Somewhere along the middle of the continuum is where open letters listing demands of industry leaders and the Great Resignation fall. Hundreds of thousands of people are giving up on a culture that is squeezing the humanity out of them. The people who are pushing back - with all their might - on the cultural confines that have been binding us aren’t necessarily of one political party or another. They are people who have been marginalized and undercapitalized. They have not been fully seen or recognized and don’t see a brighter tomorrow by just hanging in there longer or being willing to accept incremental progress. Here, in this place, equity will have more impact than merely focusing on diversity or even inclusion. Equity is where we have potential to make change right now.
Four Reasons Equity Comes First
For 30+ years, organizations and educational institutions have been purportedly “doing diversity.” No one knows exactly what “doing diversity” entails. Check-the-box activities and programs abound, committees are formed, “an office of one” is appointed and given a laundry list of to-dos with extremely limited resources. People come and go, a merry-go-round of recruitment and retention in the name of “doing diversity.” Most importantly, “doing diversity” keeps the kind of system-level changes that underrepresented and under-prioritized groups expect and need on the horizon.
Even the most powerful industries haven’t been able to show the way to “do diversity” well. In 2020, global spending on advertising totaled approximately $600 billion a year. In that same year, the industry was criticized for a lack of gender and racial diversity, particularly at senior levels. In the U.S., Black folks make up about 13% of the population, but only 8% of employees in the advertising and public relations sector, according to 2019 government data.
Following the murder of George Floyd and the subsequent launch of the racial equity movement, more than 600 Black advertising professionals in the United States signed an open letter urging industry leaders to address "systemic racism" in the sector. They said a pervasive "boys' club mentality" stifled the growth of Black employees and that a failure to track diversity numbers made it impossible to tell what progress, if any, had been made.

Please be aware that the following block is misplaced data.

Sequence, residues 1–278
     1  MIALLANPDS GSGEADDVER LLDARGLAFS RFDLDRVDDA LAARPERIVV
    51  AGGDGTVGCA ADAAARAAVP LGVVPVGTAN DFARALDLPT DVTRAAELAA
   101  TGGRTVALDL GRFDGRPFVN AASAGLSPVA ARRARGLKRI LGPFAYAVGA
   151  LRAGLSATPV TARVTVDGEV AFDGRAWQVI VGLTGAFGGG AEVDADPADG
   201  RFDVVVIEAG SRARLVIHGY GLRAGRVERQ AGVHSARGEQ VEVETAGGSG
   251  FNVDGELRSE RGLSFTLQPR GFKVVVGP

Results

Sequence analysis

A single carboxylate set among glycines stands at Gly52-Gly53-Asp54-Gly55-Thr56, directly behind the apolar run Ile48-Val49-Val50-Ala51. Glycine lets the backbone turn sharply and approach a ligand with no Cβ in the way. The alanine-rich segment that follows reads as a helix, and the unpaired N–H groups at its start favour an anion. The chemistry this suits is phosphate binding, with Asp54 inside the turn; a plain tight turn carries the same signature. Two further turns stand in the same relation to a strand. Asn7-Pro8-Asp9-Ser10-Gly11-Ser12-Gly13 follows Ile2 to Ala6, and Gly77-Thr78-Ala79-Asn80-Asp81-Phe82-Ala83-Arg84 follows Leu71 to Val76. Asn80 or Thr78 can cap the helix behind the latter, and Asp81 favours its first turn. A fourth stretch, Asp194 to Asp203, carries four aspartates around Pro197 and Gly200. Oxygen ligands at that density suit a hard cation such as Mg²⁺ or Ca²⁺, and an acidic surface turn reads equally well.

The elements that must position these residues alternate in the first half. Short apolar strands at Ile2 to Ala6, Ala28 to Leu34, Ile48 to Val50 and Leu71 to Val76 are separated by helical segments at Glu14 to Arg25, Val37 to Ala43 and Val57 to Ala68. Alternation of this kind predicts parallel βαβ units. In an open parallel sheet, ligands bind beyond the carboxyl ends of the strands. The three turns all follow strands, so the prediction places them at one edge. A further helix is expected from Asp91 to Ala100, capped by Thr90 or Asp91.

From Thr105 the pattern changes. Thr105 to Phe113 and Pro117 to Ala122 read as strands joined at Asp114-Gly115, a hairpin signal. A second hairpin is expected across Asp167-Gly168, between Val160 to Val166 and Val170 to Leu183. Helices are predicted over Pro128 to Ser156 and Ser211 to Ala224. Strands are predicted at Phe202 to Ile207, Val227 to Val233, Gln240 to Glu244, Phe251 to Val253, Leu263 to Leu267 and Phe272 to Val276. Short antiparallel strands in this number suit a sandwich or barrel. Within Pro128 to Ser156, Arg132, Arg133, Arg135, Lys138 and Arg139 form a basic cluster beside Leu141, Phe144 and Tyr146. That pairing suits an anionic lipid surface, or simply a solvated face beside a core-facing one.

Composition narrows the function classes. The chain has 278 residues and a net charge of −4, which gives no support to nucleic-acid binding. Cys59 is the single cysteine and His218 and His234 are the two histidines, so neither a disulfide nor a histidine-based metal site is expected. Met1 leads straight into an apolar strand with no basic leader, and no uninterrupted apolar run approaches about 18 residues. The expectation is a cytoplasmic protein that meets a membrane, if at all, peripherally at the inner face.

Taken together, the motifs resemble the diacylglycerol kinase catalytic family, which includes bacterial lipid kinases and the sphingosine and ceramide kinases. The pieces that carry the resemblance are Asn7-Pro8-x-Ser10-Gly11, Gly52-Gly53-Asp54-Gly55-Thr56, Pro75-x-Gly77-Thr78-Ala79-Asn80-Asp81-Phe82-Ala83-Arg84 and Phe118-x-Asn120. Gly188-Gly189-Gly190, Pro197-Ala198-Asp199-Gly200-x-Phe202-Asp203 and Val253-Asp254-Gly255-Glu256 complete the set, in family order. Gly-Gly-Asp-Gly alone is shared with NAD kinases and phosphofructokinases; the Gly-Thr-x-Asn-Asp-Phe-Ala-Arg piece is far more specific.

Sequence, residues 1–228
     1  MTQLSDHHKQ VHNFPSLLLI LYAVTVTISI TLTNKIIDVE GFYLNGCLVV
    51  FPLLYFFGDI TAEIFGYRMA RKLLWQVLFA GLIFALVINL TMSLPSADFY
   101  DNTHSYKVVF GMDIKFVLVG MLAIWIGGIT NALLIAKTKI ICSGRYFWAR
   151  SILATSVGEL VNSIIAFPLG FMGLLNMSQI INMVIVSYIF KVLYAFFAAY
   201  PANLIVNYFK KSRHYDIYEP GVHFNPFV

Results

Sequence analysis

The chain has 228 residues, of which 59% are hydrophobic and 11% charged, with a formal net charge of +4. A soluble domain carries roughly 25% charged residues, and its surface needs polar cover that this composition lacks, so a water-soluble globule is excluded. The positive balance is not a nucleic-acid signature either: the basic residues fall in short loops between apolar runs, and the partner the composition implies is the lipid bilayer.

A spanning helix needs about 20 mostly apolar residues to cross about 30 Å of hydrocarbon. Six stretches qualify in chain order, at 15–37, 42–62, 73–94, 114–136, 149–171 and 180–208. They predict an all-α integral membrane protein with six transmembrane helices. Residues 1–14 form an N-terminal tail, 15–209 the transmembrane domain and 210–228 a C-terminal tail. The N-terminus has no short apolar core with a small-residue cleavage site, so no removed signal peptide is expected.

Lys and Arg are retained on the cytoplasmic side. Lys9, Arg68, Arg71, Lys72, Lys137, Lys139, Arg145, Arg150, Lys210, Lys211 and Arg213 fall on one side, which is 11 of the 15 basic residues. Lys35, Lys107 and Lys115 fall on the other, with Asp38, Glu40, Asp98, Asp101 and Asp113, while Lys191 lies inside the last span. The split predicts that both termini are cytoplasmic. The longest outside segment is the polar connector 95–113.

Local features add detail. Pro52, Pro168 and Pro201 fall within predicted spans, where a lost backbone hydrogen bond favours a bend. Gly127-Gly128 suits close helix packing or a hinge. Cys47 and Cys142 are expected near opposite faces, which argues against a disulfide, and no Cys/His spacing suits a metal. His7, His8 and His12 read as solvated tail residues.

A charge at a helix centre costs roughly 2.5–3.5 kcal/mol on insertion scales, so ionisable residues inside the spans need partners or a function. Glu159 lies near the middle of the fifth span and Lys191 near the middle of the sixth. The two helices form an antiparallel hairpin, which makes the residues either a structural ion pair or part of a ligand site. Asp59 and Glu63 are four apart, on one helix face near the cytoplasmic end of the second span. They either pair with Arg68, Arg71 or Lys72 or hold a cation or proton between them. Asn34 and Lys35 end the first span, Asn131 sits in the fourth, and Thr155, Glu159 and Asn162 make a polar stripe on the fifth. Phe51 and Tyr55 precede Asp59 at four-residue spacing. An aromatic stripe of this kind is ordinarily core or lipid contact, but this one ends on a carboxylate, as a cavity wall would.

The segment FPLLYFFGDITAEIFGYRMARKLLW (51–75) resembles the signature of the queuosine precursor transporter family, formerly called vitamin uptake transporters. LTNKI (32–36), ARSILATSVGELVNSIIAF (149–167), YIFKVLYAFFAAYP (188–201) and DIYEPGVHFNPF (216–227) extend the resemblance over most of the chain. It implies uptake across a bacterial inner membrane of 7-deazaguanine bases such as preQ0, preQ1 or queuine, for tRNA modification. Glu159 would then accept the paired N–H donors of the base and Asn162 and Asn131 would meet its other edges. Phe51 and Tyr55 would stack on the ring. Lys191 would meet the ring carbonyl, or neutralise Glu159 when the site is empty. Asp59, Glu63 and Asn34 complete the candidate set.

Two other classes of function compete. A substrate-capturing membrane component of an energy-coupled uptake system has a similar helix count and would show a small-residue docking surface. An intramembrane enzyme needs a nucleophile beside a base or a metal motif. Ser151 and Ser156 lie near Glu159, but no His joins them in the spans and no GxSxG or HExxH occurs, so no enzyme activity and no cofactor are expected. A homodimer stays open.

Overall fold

Publishing, higher education, tech, healthcare, and an array of other industries have experienced similar backlashes on purported diversity efforts that never lead to sustained and measurable progress.
2. Equity resonates globally
We are in the midst of a global awakening. I remember spending some days in July, August, and September of 2020, talking to thousands of people every single day processing all the injustice being witnessed and experienced in the world. I spoke with women in India and Canada during a surge of violence against women and girls. I spoke with people of Asian descent in New York who were afraid to walk to work or the grocery store for fear of being attacked. I spoke with people across the African diaspora, in Brazil, South Africa, the UK, and in the U.S. who want Black identity and our unique histories to be understood and fully acknowledged.
A Catalyst article recommends localizing equity, diversity and inclusion efforts to account for cultural nuances within various regions. In addition to examples from a number of countries around the world they say, “Europe is diverse, so the perspectives and priorities are not monolithic, but we are seeing an increased push for pay transparency and equitable opportunities for all women, even beyond equal pay and gender representation mandates. There’s an urgent expectation from employees that companies be transparent and get it right.”